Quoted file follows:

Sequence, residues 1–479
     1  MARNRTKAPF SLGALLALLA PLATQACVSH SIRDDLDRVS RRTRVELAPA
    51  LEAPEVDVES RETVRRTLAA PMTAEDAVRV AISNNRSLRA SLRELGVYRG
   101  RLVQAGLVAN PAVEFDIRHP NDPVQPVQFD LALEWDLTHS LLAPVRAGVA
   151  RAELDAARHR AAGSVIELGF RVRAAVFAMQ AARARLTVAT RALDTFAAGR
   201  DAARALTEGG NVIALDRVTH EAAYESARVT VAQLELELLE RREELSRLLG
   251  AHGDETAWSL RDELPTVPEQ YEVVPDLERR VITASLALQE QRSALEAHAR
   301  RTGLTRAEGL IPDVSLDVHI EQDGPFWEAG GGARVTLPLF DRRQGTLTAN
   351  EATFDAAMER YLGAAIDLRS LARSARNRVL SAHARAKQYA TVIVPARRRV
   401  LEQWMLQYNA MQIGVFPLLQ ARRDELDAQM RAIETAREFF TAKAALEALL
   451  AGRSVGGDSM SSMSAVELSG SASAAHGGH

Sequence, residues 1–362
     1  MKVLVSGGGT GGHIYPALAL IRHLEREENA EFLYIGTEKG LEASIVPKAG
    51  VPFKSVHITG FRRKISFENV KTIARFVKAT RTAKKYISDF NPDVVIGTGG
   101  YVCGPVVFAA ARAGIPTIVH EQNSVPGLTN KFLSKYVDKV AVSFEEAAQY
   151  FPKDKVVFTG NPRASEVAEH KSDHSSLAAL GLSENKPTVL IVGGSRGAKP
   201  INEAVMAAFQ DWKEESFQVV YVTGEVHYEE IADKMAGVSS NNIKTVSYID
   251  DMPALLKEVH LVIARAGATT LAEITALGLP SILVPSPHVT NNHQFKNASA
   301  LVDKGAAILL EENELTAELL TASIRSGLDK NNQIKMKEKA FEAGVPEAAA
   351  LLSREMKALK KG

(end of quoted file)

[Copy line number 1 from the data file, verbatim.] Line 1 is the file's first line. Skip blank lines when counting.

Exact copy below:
Sequence, residues 1–479